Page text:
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This Chicago landmark is located in the center of Grant Park, and is one of the largest fountains in the world. It was dedicated in 1927, influenced by the Latona Fountain at the Versailles Palace in France. The style is a rococo wedding cake, and was made to represent Lake Michigan, allegorically. The fountain is open from April to October, and features exciting light shows in the evenings, as well as water shows. The fountain is decorative with festive lighting during the winter holiday season. 

The history of the fountain is meant to represent Lake Michigan, with each of the sea horses representing Illinois, Wisconsin, Michigan, and Indiana, all the states which border the lake. Edward Bennet, a beaux arts architect, was the creator of the large outdoor fountain. The statues were created bb Marcel F. Loyau, a French sculptor. The cost of the fountain was $750,000, and was donated by Kate Buckingham in honor of her brother Clarence Buckingham. There was also a maintenance fund established with $300,000 initially invested. 

This fountain is a popular tourist destination, for tourists and people who live in Chicago as well. The fountain runs daily, for the public, from 8:00am to 11:00pm from mid-April to mid-October. The water shows occur each hour, on the hour, lasting for about twenty minutes. The main attraction of the show is a central middle jet shooting water 150 feet straight up into the air. Evening shows are choreographed with lights and music. 

The construction of the fountain is from Georgia pink marble. There is 1,500,000 gallons of water in this fountain. When the fountain is in the midst of a water show there are over 14,000 gallons of water moving each minute through the 193 jets. The pool of the basin is 280 feet in diameter. The pumps of the fountains are controlled by Honeywell Computer. This computer was once located in Atlanta Georgia, but a 1994 renovation brought it to Chicago. The fountain was restored in 1994 receiving a 2.5 million dollar facelift to the three smaller basins that had developed leaks as a result of the harsh winter climate.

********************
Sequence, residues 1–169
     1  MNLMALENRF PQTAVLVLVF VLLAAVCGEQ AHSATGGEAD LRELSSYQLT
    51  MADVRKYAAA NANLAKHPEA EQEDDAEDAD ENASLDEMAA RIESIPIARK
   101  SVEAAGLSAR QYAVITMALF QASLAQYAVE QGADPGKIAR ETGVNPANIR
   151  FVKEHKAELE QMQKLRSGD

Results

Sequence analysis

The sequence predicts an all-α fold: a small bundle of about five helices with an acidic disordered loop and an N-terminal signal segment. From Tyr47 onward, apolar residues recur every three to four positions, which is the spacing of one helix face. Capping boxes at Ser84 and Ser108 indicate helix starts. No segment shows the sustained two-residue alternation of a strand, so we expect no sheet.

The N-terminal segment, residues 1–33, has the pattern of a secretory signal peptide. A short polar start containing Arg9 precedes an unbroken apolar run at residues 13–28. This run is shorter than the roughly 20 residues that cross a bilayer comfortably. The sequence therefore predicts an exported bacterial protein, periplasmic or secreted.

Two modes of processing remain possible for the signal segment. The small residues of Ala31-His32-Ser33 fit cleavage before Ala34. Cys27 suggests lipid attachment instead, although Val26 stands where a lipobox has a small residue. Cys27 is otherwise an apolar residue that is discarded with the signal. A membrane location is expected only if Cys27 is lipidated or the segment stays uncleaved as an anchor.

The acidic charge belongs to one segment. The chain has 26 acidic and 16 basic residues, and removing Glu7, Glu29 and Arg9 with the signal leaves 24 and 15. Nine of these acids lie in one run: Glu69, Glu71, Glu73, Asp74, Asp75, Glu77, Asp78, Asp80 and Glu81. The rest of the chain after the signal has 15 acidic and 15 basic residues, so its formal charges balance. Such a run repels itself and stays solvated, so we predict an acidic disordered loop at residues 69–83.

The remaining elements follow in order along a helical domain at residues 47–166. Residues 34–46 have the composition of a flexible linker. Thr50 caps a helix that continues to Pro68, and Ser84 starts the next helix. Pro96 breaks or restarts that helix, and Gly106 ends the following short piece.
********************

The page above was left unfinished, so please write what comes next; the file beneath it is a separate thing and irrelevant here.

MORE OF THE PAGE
In 2008 another renovation took place, a three part project that would modernize the internal systems and restore the deterioration. Phase one began in in 2009, and added permeable pavers surround the fountain. This was used to replace the crushed stone. This was an important change because it made the area safer to walk and allowed the fountain to comply with the Americans with Disabilities Act. Phase Two began in the winter of 2009, with the demolition of the fountain table, installing a new under drainage system,  a sewer system, lighting, new landscaping, and repairs to set existing concrete pieces, as well as the installation of new cast-in0place features. Unfortunately this phase is still in progress as funding has work out, and phase three is not scheduled to begin until the completion of phase two. This phase will repair the fountain table, create an equipment room and complete repairs on deteriorated features, as well as improve the amenities of the actual site. 

When these improvements are completed, the fountain will be restored to its original beauty with many added improvements. This fountain is an important piece of heritage, often considered the front door of Chicago.